Clearly something radical needs to be introduced, it cannot be a YAP (short form for Yet Another PSP – yes, there’s even an acronym). Such a solution needs to finally acknowledge – nay embrace – the use of cryptocurrency for internal/external transactions.

In 2020 there’s now sufficient crypto-adoption by gambling operators to support mainstream usage and use as a store/hold currency for spot transactions. Furthermore, the solution needs to be able to integrate into any existing PSPs to facilitate adoption, or a meta-PSP aggregator.

Think Curve, but on a PSP level. Only by combing the best of localised solutions, and injecting a bit of crypto and aggregator magic, can the revolution truly happen.

Whilst it’s hard to pinpoint exactly where (or from who) it will come, we know it will need to have at least the following features:

First off, there would need to be a seamless e-wallet experience that integrates multiple endpoints. This wallet would need to support numerous territories upon launch and will gradually increase over time, putting pressure on local banks and legislation in turn to adopt or at least endorse them as preferred solutions. This is less of a legal, and more of a sales and marketing point. Demand creating supply, if you will.

Secondly, the solution would need to be cryptocurrency-led, with localised support for a blend of coins and currencies, to encourage fluid intra-wallet exchanges or spot payments depending on currency movements.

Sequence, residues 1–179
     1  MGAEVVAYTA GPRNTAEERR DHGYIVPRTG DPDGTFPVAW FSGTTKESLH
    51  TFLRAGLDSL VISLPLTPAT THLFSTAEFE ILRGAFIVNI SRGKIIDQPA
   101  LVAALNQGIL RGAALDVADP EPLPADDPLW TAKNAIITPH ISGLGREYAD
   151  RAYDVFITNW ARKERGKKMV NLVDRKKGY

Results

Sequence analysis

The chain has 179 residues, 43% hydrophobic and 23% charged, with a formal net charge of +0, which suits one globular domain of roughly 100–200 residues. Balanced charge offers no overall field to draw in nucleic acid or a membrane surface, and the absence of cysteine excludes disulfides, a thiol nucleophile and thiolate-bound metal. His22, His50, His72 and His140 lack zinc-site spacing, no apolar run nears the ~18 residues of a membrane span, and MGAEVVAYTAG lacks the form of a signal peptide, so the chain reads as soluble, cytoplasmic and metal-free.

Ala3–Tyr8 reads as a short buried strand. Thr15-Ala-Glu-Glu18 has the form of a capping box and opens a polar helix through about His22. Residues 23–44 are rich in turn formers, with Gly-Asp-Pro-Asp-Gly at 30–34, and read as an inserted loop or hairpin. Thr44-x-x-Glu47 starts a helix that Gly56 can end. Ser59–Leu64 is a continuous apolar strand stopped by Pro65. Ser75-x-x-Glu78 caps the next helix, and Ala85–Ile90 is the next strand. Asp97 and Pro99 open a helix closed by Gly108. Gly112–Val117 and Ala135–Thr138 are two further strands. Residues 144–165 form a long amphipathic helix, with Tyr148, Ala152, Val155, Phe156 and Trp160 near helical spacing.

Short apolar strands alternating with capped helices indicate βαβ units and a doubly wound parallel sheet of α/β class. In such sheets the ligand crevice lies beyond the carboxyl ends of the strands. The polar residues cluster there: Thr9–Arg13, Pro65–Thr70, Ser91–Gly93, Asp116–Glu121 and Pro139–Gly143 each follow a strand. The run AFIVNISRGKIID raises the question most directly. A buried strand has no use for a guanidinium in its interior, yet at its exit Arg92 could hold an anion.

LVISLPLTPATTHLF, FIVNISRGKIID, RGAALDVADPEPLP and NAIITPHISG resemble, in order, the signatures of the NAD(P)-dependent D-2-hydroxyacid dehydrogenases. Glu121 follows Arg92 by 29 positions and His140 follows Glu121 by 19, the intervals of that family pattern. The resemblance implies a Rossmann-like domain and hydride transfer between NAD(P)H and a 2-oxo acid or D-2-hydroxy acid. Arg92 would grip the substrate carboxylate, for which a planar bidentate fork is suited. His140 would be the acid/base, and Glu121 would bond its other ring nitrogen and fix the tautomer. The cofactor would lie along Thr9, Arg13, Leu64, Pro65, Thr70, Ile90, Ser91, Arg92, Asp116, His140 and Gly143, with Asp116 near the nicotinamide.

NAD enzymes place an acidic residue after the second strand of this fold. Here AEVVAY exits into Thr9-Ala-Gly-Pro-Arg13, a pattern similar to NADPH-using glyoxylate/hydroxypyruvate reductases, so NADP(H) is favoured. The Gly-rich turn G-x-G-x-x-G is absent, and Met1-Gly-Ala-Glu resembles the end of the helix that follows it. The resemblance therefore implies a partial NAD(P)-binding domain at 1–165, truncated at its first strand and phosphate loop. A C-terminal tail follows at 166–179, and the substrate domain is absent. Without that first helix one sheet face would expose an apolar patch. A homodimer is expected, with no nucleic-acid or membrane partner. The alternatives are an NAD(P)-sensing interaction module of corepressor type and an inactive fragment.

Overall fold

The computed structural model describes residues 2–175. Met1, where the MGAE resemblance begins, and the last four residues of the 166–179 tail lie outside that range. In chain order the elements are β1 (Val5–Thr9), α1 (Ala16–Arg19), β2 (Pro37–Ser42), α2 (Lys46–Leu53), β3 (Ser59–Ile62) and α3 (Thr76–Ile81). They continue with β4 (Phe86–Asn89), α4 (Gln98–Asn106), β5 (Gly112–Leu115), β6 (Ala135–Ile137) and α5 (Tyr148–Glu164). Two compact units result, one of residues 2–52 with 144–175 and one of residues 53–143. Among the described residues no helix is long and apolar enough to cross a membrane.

Additionally, and more pertinently, there would need to be an immersive UX with intuitive workflow for all on/off-ramp activities. This is where the magic should happen. A user should be able to seamlessly open their wallet in any territory, connect to a local exchange and buy/sell coins or currency respectively.

Furthermore, the need for seamless deposit into operators using multiple merchant gateways. This is where the use of stablecoins and QR codes becomes prevalent; a user should be able to easily deposit in this form, such as CNY with an (Asian) operator.

This can be as easy as scanning a QR code using either a pegged currency or a blend of crypto-currencies in their wallet, whichever they prefer as it means they don’t lose out on spot rates.

Finally, and perhaps most significantly, we need to think about the use of own-named accounts to facilitate withdrawals irrespective of territories. In other words, a unique IBAN for each user, which will also enable daily use of funds as per any normal bank account.

Sounds too ambitious or lofty to properly pull off? Possibly not – at least one major player is already working on such a solution, and a first global release is slated for later this year.

Such a solution honestly can’t come soon enough – operators have had their margins eroded and/or revenues slashed by inadequate PSPs for far too long now. Something truly radical needs to reshape gambling payments, or else we risk seeing the rapid implosion of a once opulent industry.

The (billion dollar) question is, who will be the one to usher in a new chapter for gambling payments?

Co-founder of RB Capital, Julian Buhagiar is an investor, CEO and board director to multiple ventures in gaming, fintech and media markets. He has led investments, M&As and exits to date in excess of $370m.